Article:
So I wouldn't be so linear, like manifest text, interpolation, action. I don't think it's true.

I think there are several other stages in manifest text, attempted interpolation.

Third text in the recipient, in the subject, the psychology of the subject, a generation of a latent text, comparison of the latent text to the manifest text.

And then if there's a match, interpolation works. If not, then the subject exposes himself or herself to another interpolation, another ideology, there's a competition going on.

The failure of one interpolation normally means the success of another interpolation whose interpolation is based on the latent text generated in the comparison process, or on a manifest text of its own, or in a latent text generated by another text.

You see how many possibilities there are. There are competing ideologies, even the most severe authoritarian regimes, even in Nazi Germany. Sometimes the states use these mechanisms within the same social formations. And these mechanisms offer competing ideologies.

So you have the political party, you have the church, you have the family, you have the army, you have the media, you have the civilian regime, you have the bureaucracy, and they all compete because they all give you an ideology.

Ideology is a way to organize your access to reality, your perception, and to assume that interpolations are offered to the potential subjects successively and not in parallel.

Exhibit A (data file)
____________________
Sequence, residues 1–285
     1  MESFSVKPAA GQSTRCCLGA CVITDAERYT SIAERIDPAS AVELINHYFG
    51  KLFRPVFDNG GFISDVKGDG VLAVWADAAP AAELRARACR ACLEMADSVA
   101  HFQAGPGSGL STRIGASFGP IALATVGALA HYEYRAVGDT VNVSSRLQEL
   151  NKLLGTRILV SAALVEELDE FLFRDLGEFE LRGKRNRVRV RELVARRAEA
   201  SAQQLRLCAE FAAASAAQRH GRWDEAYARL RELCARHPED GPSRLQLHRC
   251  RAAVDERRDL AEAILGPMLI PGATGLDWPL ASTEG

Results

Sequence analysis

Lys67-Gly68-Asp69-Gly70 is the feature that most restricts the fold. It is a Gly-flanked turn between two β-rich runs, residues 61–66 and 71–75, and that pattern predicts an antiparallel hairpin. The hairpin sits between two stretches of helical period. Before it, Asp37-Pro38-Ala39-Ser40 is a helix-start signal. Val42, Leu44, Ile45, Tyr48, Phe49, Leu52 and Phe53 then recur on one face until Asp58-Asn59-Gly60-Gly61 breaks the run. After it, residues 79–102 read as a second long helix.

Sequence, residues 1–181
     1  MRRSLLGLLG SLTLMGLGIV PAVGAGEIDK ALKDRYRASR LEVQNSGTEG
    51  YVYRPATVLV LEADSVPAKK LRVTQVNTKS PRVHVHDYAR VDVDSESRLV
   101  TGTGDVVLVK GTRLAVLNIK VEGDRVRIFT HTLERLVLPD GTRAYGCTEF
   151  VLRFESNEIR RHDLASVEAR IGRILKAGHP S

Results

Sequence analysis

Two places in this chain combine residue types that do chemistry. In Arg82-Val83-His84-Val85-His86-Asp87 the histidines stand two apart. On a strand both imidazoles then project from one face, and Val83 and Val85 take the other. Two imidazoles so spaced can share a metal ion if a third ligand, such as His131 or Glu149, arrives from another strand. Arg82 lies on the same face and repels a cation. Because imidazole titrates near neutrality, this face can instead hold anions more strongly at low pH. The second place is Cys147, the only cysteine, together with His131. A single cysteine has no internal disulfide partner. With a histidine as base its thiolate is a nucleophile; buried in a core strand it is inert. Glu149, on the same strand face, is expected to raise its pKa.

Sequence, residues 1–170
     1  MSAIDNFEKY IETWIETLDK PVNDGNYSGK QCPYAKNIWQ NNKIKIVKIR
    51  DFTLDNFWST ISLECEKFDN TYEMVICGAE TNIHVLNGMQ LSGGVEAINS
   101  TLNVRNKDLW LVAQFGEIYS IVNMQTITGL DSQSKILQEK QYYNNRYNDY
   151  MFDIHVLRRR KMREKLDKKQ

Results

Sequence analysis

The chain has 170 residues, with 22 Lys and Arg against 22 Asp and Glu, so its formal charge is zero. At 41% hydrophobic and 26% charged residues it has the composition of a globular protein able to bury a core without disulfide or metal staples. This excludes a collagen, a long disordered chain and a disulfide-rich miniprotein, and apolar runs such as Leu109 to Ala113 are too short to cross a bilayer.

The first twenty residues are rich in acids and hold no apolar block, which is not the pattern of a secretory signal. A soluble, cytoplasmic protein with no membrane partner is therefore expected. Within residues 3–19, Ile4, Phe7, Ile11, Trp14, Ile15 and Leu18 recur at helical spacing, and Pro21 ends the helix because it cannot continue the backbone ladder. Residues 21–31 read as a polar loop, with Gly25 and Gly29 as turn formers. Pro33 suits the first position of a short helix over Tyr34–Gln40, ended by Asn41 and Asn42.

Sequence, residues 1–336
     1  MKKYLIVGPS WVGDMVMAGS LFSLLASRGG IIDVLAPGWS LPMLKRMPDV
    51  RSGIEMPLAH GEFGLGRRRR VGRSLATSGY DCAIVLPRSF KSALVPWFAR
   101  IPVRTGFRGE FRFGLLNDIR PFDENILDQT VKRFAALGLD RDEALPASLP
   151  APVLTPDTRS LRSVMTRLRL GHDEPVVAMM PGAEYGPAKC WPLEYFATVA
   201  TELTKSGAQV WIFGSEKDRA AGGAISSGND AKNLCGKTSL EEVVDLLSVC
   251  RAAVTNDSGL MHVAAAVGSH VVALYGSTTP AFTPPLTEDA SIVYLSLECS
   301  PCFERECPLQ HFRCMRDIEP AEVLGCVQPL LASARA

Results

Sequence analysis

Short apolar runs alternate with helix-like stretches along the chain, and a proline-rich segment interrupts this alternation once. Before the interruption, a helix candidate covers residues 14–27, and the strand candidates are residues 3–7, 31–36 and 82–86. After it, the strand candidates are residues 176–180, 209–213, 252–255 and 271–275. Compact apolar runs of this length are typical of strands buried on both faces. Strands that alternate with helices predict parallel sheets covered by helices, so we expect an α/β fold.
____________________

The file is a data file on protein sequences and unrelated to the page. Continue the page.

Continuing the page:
This is not true. It defies experience. It's counterfactual. It simplifies that the thought system simplifies the theory, but it's nonsense.

We are exposed daily to hundreds of competing ideologies, many of them with latent text, actually. They don't even come with manifest text.

Clarifying that how, though, does not shed light on the why.

Advertising leads to the interpolation of the subject to affect the material practice of consumption. Put it more simply, there is money here. There's money involved.

So, you know, we understand this. We advertise to interpolate you to buy my product. I get this.

But other ideologies propagated through organized religions, for example, why do they do what they do?